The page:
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85 percent loans with no lenders mortgage insurance (LMI)

Marty McDonald - Monday, January 01, 0001

I have had a lot of enquiries about this lately so I thought I would write about who’s offering this, what the benefits and pitfalls are and what the general lending guidelines are.

Which lenders are offering 85% with no mortgage insurance?

STOP THE PRESS!

- Westpac have suspended their 85% no LMI policy (May 2011).

- ING are no longer offering their Reduced Equity Fee or REF waiver (August 2011) for loans between 80% and 85% LVR. ING are also dropping their flat fee structure on loans up to 85% LVR. These loans will now be incur a fee similar to mortgage insurance although the REF fee can still be a little less expensive than traditional LMI (August 2011).

This means there is now only one mainstream lender offering 85% no LMI loans. Citibank. 

They have quite a long list of policy restrictions and requirements. In practice this policy is only available for purchases of standard metropolitan security. There is also a 0.20% pa loading on the interest rate if you opt for interest only repayments. Please contact me to see if you qualify for an 85% no LMI loan.

Benefits of 85% no LMI loans

The best way to illustrate this would be with an example:

Say you are looking to purchase a home for $900,000. You have a 15% deposit plus funds to cover stamp duty and other costs i.e. just enough deposit to get you to an 85% loan of $765,000. Normally lenders mortgage insurance would be in the vicinity of $11,000 in this scenario.

So you can see the benefit is a potential saving of $11,000!

Pitfalls of 85% no LMI loans

For investors an issue can arise when you want to access equity in your property in the future. Often it is quite useful to have paid mortgage insurance previously on your loans that way you are only required to pay top up mortgage insurance when applying to access your equity via a new loan. For example say you borrowed 90% to purchase a property 5 years ago and the property has subsequently gone up in value by 25%. As you have paid insurance (LMI) before you should be able to extend the loan on that property back up to 90% of its current value and only pay LMI on the top up amount. You can then use those funds for the deposit on your next purchase. If you had initially borrowed 85% with no mortgage insurance and then subsequently you wanted to access your equity by borrowing up to the 90% as in the above example you would be looking at paying LMI on the entire loan amount secured by your property not just the top up amount. As the property has gone up in value in this example the LMI on the whole loan exposure against the property would be more than the original amount of LMI paid and the top up LMI paid. It’s one of the quirks in LMI calculations.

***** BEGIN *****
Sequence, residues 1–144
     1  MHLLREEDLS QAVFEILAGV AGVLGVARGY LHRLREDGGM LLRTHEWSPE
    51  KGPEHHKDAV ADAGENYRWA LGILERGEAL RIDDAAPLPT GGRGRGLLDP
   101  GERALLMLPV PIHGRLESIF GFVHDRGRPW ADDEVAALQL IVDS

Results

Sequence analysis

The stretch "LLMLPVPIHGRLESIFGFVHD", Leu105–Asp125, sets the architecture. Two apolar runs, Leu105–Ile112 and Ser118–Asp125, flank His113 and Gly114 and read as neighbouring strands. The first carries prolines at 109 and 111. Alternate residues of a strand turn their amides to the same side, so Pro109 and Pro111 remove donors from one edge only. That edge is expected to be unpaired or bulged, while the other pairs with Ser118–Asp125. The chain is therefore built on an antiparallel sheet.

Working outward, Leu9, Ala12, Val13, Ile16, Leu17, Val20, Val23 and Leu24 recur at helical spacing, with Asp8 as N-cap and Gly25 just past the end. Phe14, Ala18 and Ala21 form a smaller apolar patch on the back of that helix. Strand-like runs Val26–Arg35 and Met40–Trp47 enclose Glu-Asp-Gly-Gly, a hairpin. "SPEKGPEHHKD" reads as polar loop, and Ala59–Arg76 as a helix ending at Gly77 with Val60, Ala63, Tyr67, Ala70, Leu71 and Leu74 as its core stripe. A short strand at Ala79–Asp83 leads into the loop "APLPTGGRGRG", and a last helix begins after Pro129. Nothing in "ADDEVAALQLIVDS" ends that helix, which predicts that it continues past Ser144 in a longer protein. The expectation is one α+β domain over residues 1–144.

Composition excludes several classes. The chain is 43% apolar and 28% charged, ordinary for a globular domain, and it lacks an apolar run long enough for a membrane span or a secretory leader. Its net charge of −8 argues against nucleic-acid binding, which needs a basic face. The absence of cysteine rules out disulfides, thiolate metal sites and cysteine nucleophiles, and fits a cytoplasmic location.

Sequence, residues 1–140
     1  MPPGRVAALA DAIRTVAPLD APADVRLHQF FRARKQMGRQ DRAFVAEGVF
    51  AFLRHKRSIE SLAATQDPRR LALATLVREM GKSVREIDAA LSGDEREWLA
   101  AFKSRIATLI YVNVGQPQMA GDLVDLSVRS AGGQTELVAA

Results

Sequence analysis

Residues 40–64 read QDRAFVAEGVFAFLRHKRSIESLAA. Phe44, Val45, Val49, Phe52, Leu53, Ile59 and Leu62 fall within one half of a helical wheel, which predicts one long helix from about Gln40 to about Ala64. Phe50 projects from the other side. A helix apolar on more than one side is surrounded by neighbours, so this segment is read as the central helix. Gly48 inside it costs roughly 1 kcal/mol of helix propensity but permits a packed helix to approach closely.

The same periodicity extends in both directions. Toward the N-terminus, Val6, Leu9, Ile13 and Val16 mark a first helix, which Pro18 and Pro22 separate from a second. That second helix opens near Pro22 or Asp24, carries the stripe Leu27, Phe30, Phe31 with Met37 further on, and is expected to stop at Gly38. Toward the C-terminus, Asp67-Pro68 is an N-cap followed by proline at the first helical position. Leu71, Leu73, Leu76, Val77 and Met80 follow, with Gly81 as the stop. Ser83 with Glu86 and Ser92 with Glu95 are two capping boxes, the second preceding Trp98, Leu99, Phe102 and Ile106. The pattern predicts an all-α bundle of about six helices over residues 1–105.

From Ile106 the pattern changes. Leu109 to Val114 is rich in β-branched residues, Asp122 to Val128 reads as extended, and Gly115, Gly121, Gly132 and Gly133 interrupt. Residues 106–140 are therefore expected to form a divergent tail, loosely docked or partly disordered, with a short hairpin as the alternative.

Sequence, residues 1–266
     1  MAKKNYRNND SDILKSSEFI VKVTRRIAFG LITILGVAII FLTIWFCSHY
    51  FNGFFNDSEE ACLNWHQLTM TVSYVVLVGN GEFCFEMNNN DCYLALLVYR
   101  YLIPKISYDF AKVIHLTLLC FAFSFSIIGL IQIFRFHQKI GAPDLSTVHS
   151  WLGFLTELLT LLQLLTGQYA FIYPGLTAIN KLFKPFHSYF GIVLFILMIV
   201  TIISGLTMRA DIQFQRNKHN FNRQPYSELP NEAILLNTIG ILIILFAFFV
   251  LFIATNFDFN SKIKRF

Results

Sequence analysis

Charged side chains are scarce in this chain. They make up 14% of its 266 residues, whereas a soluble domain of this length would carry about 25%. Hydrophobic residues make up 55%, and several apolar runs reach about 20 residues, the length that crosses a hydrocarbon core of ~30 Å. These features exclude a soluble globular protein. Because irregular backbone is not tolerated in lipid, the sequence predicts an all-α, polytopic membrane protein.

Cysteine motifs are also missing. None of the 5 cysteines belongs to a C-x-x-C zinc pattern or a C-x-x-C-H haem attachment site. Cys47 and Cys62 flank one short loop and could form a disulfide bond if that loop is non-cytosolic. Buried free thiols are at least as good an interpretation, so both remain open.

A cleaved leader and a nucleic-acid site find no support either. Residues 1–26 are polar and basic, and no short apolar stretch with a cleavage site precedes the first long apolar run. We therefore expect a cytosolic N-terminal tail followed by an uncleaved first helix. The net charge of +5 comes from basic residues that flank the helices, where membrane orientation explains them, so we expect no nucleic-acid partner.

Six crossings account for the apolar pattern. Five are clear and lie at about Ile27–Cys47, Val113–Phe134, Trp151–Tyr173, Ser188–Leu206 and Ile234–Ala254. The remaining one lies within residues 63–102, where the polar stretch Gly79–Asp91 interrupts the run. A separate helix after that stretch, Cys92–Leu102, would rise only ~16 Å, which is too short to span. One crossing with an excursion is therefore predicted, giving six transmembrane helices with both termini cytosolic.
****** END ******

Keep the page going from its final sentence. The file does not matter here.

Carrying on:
The other issue for investors apart from the above example is the temptation to put too much deposit into the purchase thus restricting further acquisitions or leaving no buffer.

The final word on 85% home loans with no mortgage insurance

A potential saving of $5000 or $10,000 in the hand now is hard to argue with. If you are about to buy a property and are looking to borrow 80% - 85% of the value of the property it is definitely worth exploring if an 85% no mortgage insurance loan is available to you.

If you are not sure what some of the terms used in this post mean please check out our Jargon page.

Can't quite make an 85% loan, check out our 95% home loans  & 90% home loan pages.

Thanks,

Marty McDonald

About the Author: Marty McDonald is principal of mortgage broker “Mortgage Experts”. Marty specialises in assisting active property investors with loan structuring advice and implementation as well as helping credit worthy borrowers with slightly outside the box income and employment situations. Find Marty on Facebook and LinkedIn.
About the Author: Marty McDonald is principal of mortgage broker “Mortgage Experts”. Marty specialises in assisting active property investors with loan structuring advice and implementation as well as helping credit worthy borrowers with slightly outside the box income and employment situations. Find Marty on  and LinkedIn.